The Third Estate
What Is The Third Estate?
What Has It Been Until Now In The Political Order?
What Does It Want To Be?


Friday, October 21, 2005
Everyone (including myself) talks about how important it is to be involved in politics. But to really be an activist takes more than a small amount of time. To just review, let me tell you what is entailed in working in a political club in a New York City election

1) Figuring out who you support. This means not only that you pay attention, but that you also have to go see the candidates and researching what they're for. If you're going to spend the next six months of your life trying to get someone elected, you sure as hell want to make sure you're backing the right horse.

2) Trying to get your club to endorse that candidate. Not all of your political allies are going to agree with you. Sometimes they are going to violently disagree with you, and you have to decide to what degree your own preferences are more important than your political coalition, or whether other folks in your club are persuadable.

3) Petitioning. In New York City, you have to get signatures from registered party members to be eligible for the ballot. For Mayor, you need 7000 signatures city-wide. No big deal, right? Wrong. First of all, if you only get the minimum your candidate gets a black eye. And second, we aren't talking about standing on a street corner. We're talking about rounding up a bunch of other volunteers (no easy task) to go out several nights a week into apartment buildings and knocking on doors. Getting into the buildings can be difficult (somebody has to let you in and the supers are frequently trying to stop you), it's very hot in the hallways, the voter lists are often a mess, and lots of people aren't home. If you do find someone, you have to convince them to sign, and lot of folks are a little suspicious of a complete stranger coming to their home and wanting them to sign on the dotted line. You get the picture.

4) Once petitioning is done, you need to start the "active" campaigning. This means standing on street corners early in the morning and on weekends passing out literature. And where does this literature come from? Well if you're not working directly for a candidate but with a club that has an endorsed slate, the club has to come up with the money to distribute it. This means raiding your own (tiny) treasury and asking the candidates you're supporting for money. And candidates are always so short on cash that such funds are hard to acquire. You get the picture.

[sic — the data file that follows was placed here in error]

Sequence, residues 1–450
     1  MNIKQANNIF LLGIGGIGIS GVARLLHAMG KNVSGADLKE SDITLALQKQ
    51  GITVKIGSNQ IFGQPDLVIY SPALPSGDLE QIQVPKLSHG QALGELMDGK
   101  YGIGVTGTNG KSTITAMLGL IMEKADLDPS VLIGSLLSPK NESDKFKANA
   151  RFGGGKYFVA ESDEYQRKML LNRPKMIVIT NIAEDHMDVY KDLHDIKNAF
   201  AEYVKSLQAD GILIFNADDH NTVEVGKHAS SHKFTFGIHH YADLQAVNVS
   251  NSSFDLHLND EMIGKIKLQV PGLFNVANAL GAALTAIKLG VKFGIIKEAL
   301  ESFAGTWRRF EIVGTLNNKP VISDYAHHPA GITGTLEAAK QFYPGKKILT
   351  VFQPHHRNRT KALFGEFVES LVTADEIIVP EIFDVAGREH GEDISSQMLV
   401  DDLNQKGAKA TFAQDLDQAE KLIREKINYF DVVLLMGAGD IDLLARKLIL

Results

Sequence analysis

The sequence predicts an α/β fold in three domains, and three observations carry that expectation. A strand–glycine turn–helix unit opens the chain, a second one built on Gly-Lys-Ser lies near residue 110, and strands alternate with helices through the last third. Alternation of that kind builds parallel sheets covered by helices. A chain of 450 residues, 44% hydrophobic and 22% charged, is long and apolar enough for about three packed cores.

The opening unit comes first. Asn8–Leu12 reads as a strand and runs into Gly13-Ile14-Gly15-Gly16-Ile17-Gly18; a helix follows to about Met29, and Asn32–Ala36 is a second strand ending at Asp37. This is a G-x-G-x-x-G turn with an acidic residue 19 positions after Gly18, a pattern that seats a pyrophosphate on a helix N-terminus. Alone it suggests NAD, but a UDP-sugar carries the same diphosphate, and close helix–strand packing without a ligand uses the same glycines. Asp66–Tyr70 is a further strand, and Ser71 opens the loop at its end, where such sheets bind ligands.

5) In the week or so before the election, you stuff buildings. This means going back into those hot buildings and slipping flyers under doors. Now I've gone to the jungle and climbed up and down mountains, and stuffing is harder. Leaning over a couple of thousand times a day will really kill your back. It took me about 3 days to really recover, and a friend of mine (who did a lot more stuffing than I did and is younger than me) was a zombie for about a week.

6) Election day. Get the day off work. Get up at 5 AM. Be at the polls at 6. Stand in the blaring hot sun with no shade and hand out palm cards (a sample ballot printed by the club). Get a couple of breaks for water/bathroom/food. Keep this up until the polls close at 9PM. Then your job may be to go in and record the vote totals at the machines.

7) The campaign party. If you're lucky, you'll get to go. This year I did - I went to the Weiner event, where somehow I managed to stand on my feet for another couple of hours watching the returns come in and waiting for the candidate to speak. This is the rewarding part of the evening when there is excitement everywhere and you get your second wind. Assuming your guy is doing well . If he loses, it's just insult to injury. I have to tell you, the only person I feel more sorry for than a losing candidate is a losing candidate's volunteers & staff. Yikes.

8) Go home at 2 AM and get a couple of hours of sleep until you have to go back to work the next day.

It doesn't sound glamorous, and it's not. But to tell you the truth, I loved doing it. It's hard and it's often thankless, but there's nothing quite like realizing that you're making a Republic function.
Posted by Arbitrista @ 10:24 AM
Post a Comment
<< Home

:: permalink